It was “appalling” that the B.C. budget released last month failed to raise disability assistance, Schultz said. “I would have assumed that given that we have had such a spike in global inflation on food prices and all this other kind of stuff that the B.C. budget would have wanted to prioritize poverty.”

Mental health and physical issues have made it impossible for him to work full time or hold a job long term, he said, though he does work part time.

When he was younger he worked enough that he qualifies for Canada Pension Plan disability payments, but the B.C. government subtracts the amount from his provincial benefits, he said.

“How is that fair and how is that justified when I paid into a federal benefit that’s supposed to help myself out if I become disabled, yet I end up having the province claw that back?”

Though Schultz said he is lucky to have housing thanks to inheriting a small home from his mother, he believes the low rate of provincial support contributes to the increase in homelessness throughout the province.

Rates would need to be bumped up by about $600 a month to bring people to the poverty line, he said, adding that he’s aware B.C. is planning to release an updated poverty reduction plan soon. “It’s disgusting what’s going on here in B.C.,” he said. “How can you have a poverty reduction plan if you don’t have a PWD [Person with Disabilities benefit] increase? It would make absolutely no sense.”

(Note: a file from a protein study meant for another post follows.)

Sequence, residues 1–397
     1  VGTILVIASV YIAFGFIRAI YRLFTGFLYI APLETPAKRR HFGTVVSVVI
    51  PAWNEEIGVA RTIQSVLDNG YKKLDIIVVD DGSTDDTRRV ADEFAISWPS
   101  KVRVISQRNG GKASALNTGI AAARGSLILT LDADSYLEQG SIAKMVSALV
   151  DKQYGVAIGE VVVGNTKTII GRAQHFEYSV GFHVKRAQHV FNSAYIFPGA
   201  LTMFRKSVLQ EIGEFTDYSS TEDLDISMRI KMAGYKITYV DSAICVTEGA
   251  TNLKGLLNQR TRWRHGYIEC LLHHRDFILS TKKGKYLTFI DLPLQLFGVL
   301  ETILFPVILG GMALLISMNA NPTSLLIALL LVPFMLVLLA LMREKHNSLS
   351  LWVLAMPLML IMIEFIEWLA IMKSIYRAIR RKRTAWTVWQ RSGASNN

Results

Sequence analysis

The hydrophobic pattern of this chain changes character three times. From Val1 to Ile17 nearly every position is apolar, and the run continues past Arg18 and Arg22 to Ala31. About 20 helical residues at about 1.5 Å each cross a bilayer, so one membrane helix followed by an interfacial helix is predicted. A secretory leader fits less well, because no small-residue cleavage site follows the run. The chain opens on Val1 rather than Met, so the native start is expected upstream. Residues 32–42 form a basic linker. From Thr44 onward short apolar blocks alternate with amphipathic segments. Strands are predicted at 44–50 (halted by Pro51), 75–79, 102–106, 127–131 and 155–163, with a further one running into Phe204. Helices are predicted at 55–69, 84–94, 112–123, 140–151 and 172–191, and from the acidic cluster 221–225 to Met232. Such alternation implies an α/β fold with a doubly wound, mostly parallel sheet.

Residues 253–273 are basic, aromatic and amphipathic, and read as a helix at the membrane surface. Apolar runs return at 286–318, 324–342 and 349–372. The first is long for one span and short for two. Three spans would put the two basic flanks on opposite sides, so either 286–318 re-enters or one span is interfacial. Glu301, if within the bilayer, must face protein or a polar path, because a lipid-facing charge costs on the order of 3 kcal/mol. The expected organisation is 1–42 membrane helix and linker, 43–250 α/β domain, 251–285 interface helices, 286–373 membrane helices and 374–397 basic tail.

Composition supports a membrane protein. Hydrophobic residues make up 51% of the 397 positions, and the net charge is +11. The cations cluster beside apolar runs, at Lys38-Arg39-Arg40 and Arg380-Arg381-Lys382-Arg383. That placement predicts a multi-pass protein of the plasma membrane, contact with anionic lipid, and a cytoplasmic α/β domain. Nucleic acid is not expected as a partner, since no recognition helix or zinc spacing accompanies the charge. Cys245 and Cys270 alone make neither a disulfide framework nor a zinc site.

Malcolmson said the full poverty reduction strategy is coming next month, but on Tuesday she introduced legislation that sets a 10-year goal to reduce overall poverty by 60 per cent, child poverty by 75 per cent and seniors' poverty by 50 per cent from 2016 levels.

The bill also makes changes Malcolmson said would allow the ministry to better support people on income and disability assistance to find and keep employment.

As of the government’s October update on its previous 2018 poverty strategy, based on 2021 figures, overall poverty was already down 45 per cent and child poverty was down 54.6 per cent since the 2016 baseline.

“We know anecdotally that people are under considerably more pressure than they were in 2021, so the need for us to do more is absolutely clear,” Malcolmson said Tuesday.

Inflation is hitting hard, visits to food banks are up and the ministry is receiving more requests for emergency help, she said. “All those metrics tell us people are hurting more than they were in 2021 and that’s why we’re deepening our efforts today.”

Raising income and disability rates since 2017 helped the province meet its previous poverty reduction targets, Malcolmson said, adding that the province also raised the earnings exemptions, allowing benefit recipients to keep more money that they earn through employment.

“We are always trying to move the dial,” Malcolmson said when asked about the failure to raise income and disability assistance rates in the recent budget. The previous government froze the rates for many years, she said. “We’ve been moving them up in steps, five times already, and again surely more will come again.”

The BC Green Party put out a statement saying it’s not good enough to just reduce poverty. “We need a poverty elimination strategy,” said leader Sonia Furstenau. “We need entirely new thinking around how people with disabilities and on income assistance are served so programs are a path out of poverty and not a prison.”

The Greens called for an immediate increase to income and disability rates.  [Tyee]